Dating And The Winter Blues

Can romance thrive during the cold season’s doldrums? You bet it can… if you follow this plan.

By Bob Strauss

t happens at the same time every year: Your girlfriend — who’s so frisky and fun-loving during the spring, summer, and early fall — reacts to the end of Daylight Savings Time like an eight-year-old mourning the loss of her pet hamster. She starts eating less (or more), becomes cranky and argumentative, and by the time mid-winter rolls around, all she wants to do is sit on the couch and watch TV. When you ask about her odd behavior, all she says is something vague like “I hate the winter.” It’s more likely that she’s having a bout of Seasonal Affective Disorder (or S.A.D.), a temporary depression triggered by lack of sunlight during the darkest time of the year.

What can you do when someone you love suffers from S.A.D.? We
Reassure your date that the winter blues will pass…
asked Dr. Walter Smitson, professor of psychiatry at the University of Cincinnati College of Medicine, for his advice. Here’s what he had to say:

Know the symptoms
According to Dr. Smitson, 10 million people in the U.S. suffer from severe S.A.D., and another 25 to 30 million have a milder form of “winter blahs.” (If your girlfriend always seems grumpier than you do, there’s good reason: 75% of S.A.D. sufferers are women under 40.) In its most severe form, S.A.D. is marked by crying jags, extreme moodiness, and lack of sex drive, among other symptoms.

If you’ve been dating for only a few months — and don’t know your partner’s history — S.A.D. can be especially difficult to deal with. On the one hand, an S.A.D. sufferer may not know she has the condition, so she’ll blame her blahs on the cold weather or on that disastrous Christmas dinner with the folks—which, to a partner, can sound a lot like whining. On the other hand, faced with a case of severe, undiagnosed S.A.D., you may think your partner suffers from long-term depression—possibly making it less likely that you’ll stick around until spring, when the condition goes away.

Plan your time together wisely
OK, let’s put all the above uncertainty aside and say that your partner has been formally diagnosed with S.A.D. What can you do to make her feel better, to not make yourself feel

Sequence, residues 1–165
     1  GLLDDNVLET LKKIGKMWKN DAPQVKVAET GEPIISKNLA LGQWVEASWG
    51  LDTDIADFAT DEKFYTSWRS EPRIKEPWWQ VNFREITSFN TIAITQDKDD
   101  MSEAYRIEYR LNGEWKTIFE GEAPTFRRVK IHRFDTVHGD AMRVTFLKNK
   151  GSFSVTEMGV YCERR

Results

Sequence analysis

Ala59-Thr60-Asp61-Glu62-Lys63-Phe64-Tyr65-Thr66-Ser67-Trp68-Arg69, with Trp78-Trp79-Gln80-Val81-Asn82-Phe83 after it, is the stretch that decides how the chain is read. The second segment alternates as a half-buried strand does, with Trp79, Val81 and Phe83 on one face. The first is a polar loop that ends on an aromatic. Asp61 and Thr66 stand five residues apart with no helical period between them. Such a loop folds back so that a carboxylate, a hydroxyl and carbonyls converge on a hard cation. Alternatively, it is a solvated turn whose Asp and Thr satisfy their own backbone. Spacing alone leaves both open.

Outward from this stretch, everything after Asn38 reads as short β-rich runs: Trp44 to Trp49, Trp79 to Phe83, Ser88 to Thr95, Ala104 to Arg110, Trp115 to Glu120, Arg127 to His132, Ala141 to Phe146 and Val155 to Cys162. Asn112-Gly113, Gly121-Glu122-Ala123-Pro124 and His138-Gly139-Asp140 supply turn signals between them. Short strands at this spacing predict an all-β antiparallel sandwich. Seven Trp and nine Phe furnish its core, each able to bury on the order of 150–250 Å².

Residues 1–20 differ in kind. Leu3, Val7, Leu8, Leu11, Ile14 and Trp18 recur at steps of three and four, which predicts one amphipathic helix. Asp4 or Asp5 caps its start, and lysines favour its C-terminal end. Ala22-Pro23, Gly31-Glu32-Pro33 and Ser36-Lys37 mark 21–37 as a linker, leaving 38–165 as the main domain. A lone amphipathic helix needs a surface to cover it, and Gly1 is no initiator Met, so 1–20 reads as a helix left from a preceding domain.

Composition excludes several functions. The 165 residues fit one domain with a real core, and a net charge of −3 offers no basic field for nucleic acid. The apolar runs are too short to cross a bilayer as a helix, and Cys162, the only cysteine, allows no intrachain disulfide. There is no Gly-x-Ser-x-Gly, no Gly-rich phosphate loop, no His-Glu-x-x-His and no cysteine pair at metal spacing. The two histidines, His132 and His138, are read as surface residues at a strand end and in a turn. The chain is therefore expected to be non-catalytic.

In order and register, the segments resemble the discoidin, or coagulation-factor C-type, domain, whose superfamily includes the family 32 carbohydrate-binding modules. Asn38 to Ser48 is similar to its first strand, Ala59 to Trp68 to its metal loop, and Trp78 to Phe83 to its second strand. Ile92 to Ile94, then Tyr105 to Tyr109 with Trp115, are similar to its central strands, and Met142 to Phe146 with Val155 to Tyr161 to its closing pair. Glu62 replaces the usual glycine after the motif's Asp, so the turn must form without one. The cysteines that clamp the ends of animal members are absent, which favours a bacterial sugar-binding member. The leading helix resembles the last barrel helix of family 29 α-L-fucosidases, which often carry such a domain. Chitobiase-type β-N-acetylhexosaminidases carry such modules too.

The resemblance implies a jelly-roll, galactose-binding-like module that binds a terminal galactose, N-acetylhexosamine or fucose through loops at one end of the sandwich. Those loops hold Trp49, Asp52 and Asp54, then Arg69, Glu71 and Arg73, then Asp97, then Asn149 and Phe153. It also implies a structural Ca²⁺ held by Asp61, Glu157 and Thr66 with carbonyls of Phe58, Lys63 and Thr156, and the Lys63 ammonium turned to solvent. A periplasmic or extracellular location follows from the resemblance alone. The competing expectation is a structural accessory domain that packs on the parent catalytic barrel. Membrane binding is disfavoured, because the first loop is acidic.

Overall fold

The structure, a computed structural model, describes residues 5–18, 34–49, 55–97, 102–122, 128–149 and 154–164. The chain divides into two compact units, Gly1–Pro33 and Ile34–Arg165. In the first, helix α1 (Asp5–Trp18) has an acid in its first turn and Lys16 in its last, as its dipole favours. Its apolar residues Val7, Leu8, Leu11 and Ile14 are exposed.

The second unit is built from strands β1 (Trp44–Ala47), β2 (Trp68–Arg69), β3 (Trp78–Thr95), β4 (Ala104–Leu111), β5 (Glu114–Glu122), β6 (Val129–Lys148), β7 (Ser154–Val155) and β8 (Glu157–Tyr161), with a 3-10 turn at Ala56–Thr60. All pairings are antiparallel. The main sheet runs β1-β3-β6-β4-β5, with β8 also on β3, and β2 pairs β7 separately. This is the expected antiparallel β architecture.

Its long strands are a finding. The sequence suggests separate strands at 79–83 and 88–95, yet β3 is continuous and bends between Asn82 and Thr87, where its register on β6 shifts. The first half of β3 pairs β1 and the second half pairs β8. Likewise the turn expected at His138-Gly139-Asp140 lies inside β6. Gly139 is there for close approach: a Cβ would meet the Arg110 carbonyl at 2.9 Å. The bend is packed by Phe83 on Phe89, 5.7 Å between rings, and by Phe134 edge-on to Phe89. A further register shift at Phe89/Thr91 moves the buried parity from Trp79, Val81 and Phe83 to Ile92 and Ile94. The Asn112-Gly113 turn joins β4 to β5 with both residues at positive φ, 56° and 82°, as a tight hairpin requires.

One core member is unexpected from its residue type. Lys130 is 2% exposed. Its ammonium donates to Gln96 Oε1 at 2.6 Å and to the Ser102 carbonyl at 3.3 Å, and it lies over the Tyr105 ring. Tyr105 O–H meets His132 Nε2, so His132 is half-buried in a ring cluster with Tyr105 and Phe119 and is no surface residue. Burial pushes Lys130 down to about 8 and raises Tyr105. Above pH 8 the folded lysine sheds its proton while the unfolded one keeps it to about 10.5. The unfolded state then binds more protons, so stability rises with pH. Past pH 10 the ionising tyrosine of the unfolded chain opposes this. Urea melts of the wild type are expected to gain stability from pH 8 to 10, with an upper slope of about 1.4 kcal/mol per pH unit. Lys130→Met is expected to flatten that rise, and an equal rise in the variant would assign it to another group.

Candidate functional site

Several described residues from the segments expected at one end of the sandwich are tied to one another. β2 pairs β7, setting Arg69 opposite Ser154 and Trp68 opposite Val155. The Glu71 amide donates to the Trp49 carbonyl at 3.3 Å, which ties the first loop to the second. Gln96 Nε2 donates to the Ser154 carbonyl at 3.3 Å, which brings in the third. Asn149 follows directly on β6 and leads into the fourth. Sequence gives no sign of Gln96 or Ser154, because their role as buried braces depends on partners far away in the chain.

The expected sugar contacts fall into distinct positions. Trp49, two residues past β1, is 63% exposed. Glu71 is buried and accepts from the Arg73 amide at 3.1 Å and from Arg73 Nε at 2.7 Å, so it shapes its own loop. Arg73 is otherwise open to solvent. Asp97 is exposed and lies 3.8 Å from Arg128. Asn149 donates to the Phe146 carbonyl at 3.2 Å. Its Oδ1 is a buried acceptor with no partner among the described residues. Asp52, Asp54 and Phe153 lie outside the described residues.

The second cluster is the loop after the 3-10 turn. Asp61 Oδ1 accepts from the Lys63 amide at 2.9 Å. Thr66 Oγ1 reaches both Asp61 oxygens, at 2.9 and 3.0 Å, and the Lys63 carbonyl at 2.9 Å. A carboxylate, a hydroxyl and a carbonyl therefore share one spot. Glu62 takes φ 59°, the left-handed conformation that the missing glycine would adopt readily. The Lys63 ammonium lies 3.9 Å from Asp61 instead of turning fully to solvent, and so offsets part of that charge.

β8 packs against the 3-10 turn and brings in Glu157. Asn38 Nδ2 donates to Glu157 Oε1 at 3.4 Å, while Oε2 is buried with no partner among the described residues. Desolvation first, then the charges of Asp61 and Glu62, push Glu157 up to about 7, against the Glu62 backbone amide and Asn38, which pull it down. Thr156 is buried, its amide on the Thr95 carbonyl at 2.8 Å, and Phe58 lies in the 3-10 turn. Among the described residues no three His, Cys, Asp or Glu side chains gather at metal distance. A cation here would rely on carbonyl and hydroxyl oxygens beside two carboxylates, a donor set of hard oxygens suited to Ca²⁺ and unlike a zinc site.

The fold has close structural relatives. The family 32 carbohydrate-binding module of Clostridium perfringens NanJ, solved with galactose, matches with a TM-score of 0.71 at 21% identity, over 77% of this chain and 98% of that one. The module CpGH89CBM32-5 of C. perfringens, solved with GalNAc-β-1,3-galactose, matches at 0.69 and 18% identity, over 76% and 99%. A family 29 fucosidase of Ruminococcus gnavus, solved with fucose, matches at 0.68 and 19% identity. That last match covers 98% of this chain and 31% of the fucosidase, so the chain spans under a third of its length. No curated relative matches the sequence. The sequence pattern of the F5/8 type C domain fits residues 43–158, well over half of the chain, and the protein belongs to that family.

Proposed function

Choose brightly lit spots, not candlelit restaurants.
worse, and to make it through the winter with your relationship intact?

Says Dr. Smitson, “Most people just need reassurance that this will clear up and that there’s nothing horribly wrong with them.” But there are other, more practical ways to approach the S.A.D. challenge. “A dim, candlelit restaurant isn’t a good idea,” Dr. Smitson says, and neither are movies in darkened theaters—try a trip to the shopping mall instead. And rather than watch TV with the lights off, buy your partner a “sun box,” a bright halogen lamp that mimics the effects of sunlight.

Don’t make any important decisions till the spring thaw
Sometimes it can’t be avoided, but January and February aren’t the best months to discuss big plans for the future if one partner is depressed. This is where undiagnosed S.A.D. can be a real hindrance to relationships. “The partner may start to feel that he’s not really interested in the person with S.A.D.,” Dr. Smitson says. “When a woman says to me, ‘I was dating this guy for a few weeks, and then he seemed to lose interest,’ I always ask, ‘Were you dating him during the winter months?’” In other words, if you postpone the important talks ’til spring, you’ll be amazed at how much better the two of you communicate.

Bob Strauss is a freelance writer and children’s book author who lives in New York City. He’s also written the Dinosaur guide on, the online information network owned by the New York Times.
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